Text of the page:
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Fifth Sunday in Lent.

Fifth Sunday in Lent.

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Preached March 25, 1855.

Heb. ix. 12. By his own blood he entered in once into the holy place,
having obtained eternal redemption for us.

Preached March 25, 1855.

Heb. ix. 12. By his own blood he entered in once into the holy place,
having obtained eternal redemption for us.

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Published by: GLENN DALE PEASE on Aug 01, 2014
Copyright:Traditional Copyright: All rights reserved


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FIFTH SUDAY I LET. BY DAVID JAMES VAUGHA M.A., Preached March 25, 1855. Heb. ix. 12. By his own blood he entered in once into the holy place, having obtained eternal redemption for us. The holy season which we are now rapidly approach- ing, and the words of the Epistle which has been read in church to-day, lead our thoughts naturally this morning to the consideration of that great work of redemption which was perfected on the cross and in the resurrection of Jesus Christ, who, "not by the blood of goats and calves, but by his own blood, entered in once for all into the holy place," (that is, into the immediate presence of God,) "having obtained an eternal redemption for us.' The word " redemption " is used in the ew Testa- ment in its simplest and most obvious sense. To " redeem " is to buy back; that is, to procure the release of a prisoner by the payment of a ransom. Redemption implies four things : — 1. That there are prisoners to be redeemed. 2. That there are certain persons who keep these prisoners in prison, and will not let them go without payment of ransom. 70 SERMO IX. 3. That there is a Redeemer, who pays the ransom
and procures the release of the prisoners. 4. That there is a ransom which is paid. ow, let us apply these four particulars to the case of man's redemption. Let us ask (1.) Who are the prisoners? (2.) Who is the gaoler, or who are the gaolers who keep the prisoners in prison? (3.) Who is the Redeemer? (4.) What is the ransom which is paid for the prisoners' release ? 1. There can be no doubt as to the answer which must be given to the first question. Men are the prisoners who required to be redeemed. Thus the prophet Isaiah, speaking of the Messiah's work, says (Is. xlii. 6, 7) : "I the Lord have called thee in right- eousness, and will hold thine hand, and will keep thee, and give thee for a covenant of the people, for a light of the Gentiles ; to open the blind eyes, to bring out the prisoners from the prison, and them that sit in darkness out of the prison-house." And the prophet Zechariah, speaking of the same subject, says (Zech. ix. 11, 12) : " As for thee also, by the blood of thy covenant I have sent forth thy prisoners out of the pit wherein is no water. Turn you to the strong hold, ye prisoners of hope." 2. But, again, Who is it that holds these prisoners in captivity, in bondage? Assuredly, it is sin, and death, and the devil. Thus St. Paul speaks in many passages, and especially in Rom. vi. of men as having been the servants or slaves of sin. And in the 26th verse of this chapter from which the text is taken, we SEEMO IX. 71 read that "ow once in the end of the world hath Christ been manifested, to put away " (or to abolish)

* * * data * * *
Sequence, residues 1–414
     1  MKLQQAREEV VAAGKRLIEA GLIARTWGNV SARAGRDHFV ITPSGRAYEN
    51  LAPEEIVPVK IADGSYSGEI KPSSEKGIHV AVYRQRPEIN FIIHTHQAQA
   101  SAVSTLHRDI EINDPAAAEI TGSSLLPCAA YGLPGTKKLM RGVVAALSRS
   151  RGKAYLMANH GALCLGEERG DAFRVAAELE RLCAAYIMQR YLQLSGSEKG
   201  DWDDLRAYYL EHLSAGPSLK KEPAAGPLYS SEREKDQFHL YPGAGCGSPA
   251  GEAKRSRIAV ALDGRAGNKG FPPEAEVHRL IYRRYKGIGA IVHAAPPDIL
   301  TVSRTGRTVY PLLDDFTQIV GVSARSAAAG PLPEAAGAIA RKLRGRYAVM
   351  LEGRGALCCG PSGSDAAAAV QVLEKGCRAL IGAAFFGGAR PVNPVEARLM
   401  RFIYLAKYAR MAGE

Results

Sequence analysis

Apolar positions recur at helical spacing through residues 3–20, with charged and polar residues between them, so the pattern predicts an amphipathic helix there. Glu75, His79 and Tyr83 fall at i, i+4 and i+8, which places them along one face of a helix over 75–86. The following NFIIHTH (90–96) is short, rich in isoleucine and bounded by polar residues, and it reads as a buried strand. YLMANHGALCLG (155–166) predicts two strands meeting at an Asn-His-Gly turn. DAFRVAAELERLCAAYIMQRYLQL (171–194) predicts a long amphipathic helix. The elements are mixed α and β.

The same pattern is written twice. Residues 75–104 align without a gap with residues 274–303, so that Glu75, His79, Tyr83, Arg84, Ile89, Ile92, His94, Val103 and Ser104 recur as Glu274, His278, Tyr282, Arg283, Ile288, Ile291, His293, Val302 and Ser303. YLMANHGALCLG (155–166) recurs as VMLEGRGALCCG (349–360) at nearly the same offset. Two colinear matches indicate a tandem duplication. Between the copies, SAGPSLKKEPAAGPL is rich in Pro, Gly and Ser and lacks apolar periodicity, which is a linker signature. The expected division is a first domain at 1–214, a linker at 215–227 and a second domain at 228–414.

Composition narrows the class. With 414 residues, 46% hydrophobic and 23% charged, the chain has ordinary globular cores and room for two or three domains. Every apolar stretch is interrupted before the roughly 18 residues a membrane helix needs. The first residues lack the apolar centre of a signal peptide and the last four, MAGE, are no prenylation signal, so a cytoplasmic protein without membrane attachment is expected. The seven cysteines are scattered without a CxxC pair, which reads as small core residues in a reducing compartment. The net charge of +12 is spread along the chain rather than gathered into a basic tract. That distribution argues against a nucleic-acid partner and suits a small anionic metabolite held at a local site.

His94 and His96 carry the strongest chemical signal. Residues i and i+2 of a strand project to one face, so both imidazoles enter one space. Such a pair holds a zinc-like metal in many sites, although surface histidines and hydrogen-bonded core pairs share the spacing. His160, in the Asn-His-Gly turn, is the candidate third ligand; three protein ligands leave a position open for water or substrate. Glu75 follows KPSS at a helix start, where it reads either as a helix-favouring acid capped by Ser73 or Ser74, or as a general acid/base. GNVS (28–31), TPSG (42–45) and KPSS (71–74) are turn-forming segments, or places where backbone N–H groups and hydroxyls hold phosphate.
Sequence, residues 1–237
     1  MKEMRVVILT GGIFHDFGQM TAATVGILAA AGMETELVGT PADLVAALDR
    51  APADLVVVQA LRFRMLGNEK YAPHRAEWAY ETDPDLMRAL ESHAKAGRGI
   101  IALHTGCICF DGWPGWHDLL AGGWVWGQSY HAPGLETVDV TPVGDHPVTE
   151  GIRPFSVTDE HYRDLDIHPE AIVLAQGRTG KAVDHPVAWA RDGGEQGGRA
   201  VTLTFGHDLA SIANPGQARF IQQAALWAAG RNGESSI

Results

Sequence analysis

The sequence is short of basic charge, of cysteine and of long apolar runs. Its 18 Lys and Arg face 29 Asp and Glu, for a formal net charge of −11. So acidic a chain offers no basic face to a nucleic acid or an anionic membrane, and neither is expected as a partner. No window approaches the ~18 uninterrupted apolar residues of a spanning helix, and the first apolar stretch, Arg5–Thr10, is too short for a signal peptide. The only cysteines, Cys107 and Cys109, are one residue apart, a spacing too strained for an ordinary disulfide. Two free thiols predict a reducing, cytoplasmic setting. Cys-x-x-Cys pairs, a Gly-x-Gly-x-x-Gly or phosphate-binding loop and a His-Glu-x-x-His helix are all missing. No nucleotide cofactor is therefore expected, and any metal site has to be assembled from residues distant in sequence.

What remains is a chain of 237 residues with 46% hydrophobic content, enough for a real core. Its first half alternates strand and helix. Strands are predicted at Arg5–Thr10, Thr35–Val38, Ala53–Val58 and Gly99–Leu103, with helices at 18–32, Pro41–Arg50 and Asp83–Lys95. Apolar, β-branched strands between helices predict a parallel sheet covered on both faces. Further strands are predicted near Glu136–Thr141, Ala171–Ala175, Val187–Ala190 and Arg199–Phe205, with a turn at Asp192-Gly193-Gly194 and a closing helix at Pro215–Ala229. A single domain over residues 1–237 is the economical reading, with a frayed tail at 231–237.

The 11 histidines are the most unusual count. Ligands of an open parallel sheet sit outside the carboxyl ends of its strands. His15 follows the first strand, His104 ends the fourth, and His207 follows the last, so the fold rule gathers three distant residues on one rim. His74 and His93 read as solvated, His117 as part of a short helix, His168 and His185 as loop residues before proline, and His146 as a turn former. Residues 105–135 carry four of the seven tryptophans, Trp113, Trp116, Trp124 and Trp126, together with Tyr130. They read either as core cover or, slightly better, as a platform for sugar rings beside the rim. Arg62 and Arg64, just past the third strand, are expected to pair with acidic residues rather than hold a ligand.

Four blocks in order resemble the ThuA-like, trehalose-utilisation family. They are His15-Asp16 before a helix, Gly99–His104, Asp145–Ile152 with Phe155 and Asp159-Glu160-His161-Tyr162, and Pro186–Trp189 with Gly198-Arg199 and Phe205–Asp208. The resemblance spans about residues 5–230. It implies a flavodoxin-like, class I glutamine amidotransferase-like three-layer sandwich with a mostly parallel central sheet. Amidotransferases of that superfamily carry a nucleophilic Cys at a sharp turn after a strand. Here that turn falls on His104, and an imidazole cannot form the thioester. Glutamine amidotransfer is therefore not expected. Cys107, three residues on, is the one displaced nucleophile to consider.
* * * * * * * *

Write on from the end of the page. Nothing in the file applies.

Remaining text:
** sin by the sacrifice of himself." And again, in the 2d chapter of this same Epistle and in the 14th and 15th verses, we read : " Forasmuch then as the children are partakers of flesh and blood, he also himself likewise " (that is, the Son of God) " took part of the same ; that through death he might destroy him that had the power of death, that is, the devil; and deliver them who through fear of death were all their lifetime subject to bondage :" these words plainly speaking of a bondage or captivity to death and the devil, under which men had been suffering. I shall have occasion, my brethren, this morning, to refer you to many passages of Scripture, which I earnestly entreat you to notice and to weigh carefully in private, I wish to set before you the sure warrant of Scripture for all that I shall say on this most mo- mentous subject : and I am certain that if we will mark and inwardly digest by serious and prayerful medita- tation the passages that I shall lay before you, our thoughts will become clearer upon a question upon which they are often most vague and confused, and sometimes most perverse and distorted; and we shall form in our own minds a more vivid and lifeful con- ception of the immensity and the grandeur of the work of redemption : and thus the way will be prepared for the reception of a living, energetic, saving faith. 3. I think, then, we cannot doubt that the Bible speaks of men as the prisoners who require to be re- 72 SERMO IX. deemed ; and of sin, death, and the devil, as the powers who hold them in captivity, and from'whom they require to be released. It is equally clear, in the third place, that God himself is the Redeemer. Everywhere, in the Old Testament, the Lord Jehovah is spoken of as the

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